Basic Law ‘re-education’ urged by Beijing’s former top man in Hong Kong

Zhou Nan says there has been too much emphasis on ‘two systems’ at the expense of ‘one country’

PUBLISHED : Friday, 23 June, 2017, 12:08am
UPDATED : Friday, 23 June, 2017, 10:11am

Beijing’s top man in Hong Kong during the city’s handover to China two decades ago has urged “re-education” for citizens in constitutional matters and greater emphasis on their obligations to the country.

Zhou Nan, former director of the official Xinhua News Agency’s Hong Kong branch – Beijing’s de facto embassy before 1997 – said the city’s implementation of the Basic Law had “not been comprehensive enough”.

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“There should be re-education in the Basic Law,” Zhou told reporters in Beijing, suggesting that original instructional efforts had placed “too much emphasis on ‘two systems’ while largely ignoring ‘one country’, causing quite some confusion among the public”.

He was speaking a week before Hong Kong marks 20 years under Chinese rule on July 1.

Under Beijing’s commitment to the “one country, two systems” policy, the city is guaranteed a high degree of autonomy.

It hurts my heart to hear Hong Kong youth claiming they are not Chinese
Zhou Nan, former Xinhua official

While critics complain that Hong Kong’s freedoms have been eroded due to Beijing’s interference in the city’s affairs, state leaders have been alarmed at the emergence of independence advocacy and stressed the need for national identity and pride, especially among the city’s youth.

“It hurts my heart to hear Hong Kong youth claiming they are not Chinese,” Zhou said.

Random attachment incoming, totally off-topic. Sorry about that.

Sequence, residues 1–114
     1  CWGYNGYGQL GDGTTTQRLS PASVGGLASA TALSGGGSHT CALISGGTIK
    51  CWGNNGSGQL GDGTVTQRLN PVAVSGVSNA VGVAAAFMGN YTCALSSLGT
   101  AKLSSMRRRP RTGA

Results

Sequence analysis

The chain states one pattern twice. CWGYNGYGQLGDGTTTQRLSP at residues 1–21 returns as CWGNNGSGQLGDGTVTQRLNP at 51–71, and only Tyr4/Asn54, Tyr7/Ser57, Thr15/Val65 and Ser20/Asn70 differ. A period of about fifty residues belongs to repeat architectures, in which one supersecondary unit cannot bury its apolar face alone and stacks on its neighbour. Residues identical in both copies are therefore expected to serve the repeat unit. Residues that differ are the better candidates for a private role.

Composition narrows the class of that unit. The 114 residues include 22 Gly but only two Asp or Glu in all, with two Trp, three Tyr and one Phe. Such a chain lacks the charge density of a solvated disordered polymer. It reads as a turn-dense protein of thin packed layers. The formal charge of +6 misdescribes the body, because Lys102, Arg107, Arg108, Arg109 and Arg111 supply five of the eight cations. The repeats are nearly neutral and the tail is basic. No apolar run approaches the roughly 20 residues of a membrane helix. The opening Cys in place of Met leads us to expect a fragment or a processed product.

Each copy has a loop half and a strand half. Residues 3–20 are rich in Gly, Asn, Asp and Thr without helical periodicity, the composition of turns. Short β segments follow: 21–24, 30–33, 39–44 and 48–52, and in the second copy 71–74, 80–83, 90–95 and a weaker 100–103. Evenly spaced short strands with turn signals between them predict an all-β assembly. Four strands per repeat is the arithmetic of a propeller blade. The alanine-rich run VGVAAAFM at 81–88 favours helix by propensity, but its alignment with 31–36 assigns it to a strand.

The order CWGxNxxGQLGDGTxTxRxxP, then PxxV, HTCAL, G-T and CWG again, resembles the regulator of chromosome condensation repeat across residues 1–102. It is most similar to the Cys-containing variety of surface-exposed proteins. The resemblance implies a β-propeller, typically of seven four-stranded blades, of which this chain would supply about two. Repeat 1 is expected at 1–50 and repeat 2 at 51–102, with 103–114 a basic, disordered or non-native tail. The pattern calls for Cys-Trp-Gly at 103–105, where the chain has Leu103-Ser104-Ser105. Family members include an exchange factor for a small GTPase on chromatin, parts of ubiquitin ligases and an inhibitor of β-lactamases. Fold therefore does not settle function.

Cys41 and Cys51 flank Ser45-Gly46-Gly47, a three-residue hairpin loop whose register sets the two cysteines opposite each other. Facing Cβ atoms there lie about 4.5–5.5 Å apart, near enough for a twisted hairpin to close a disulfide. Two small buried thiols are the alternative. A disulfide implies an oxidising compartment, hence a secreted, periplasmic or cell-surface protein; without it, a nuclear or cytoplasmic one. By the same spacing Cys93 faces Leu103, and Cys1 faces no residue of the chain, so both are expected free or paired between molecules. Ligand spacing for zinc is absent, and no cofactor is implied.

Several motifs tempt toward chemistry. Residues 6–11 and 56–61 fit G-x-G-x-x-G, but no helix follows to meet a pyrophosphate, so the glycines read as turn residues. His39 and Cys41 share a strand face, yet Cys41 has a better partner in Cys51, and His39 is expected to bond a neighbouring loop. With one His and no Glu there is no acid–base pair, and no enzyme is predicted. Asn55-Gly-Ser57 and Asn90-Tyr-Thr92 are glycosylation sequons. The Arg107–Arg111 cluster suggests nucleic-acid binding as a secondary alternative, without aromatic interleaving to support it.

“But I don’t blame the young people. I think it has more to do with 150 years of colonial rule and education.”

Zhou, a former deputy foreign minister who played a prominent role in the 1980s in negotiations with Britain over Hong Kong’s future, said Beijing would not soften its stance to gain wider political support in the city.

“We must uphold a clear-cut stance. As Mao put it, unity gained with compromise dies quickly,” he said, quoting the late Chinese leader who had argued that courting allies with compromise showed weakness and impaired political dominance.

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Zhou alluded to the controversy last year, when two newly elected localist lawmakers were disqualified for distorting their oaths with anti-China slogans, in arguing that support for Beijing had grown in the former British colony. China’s top legislature controversially stepped in to interpret the mini-constitution and make such conduct punishable by disqualification.

“After the National People’s Congress interpreted the Basic Law last year, we won considerable support from the middle.”

But the move triggered an outcry among Hong Kong’s legal community, which raised concerns about judicial independence being compromised.

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Zhou said he believed Beijing would not leave the city to decide everything on its own, describing it as a “convenient” base that could be used by the West to subvert Chinese sovereignty.

“There are lots of anti-mainland publications in Hong Kong, and mainland tourists are the main target audience,” he said. “It seems quite obvious to me what their purpose is.”

When asked about Beijing’s plans for Hong Kong after 2047, when the 50 years of one country, two systems promised by Beijing expires, Zhou said changes in the central government’s policy towards the city were possible.

“The problem is whether ‘one country, two systems’ will be adjusted. That will depend on China’s development. But [the fact] that Hong Kong is part of China will not change, be it 3047 or 4047,” he said.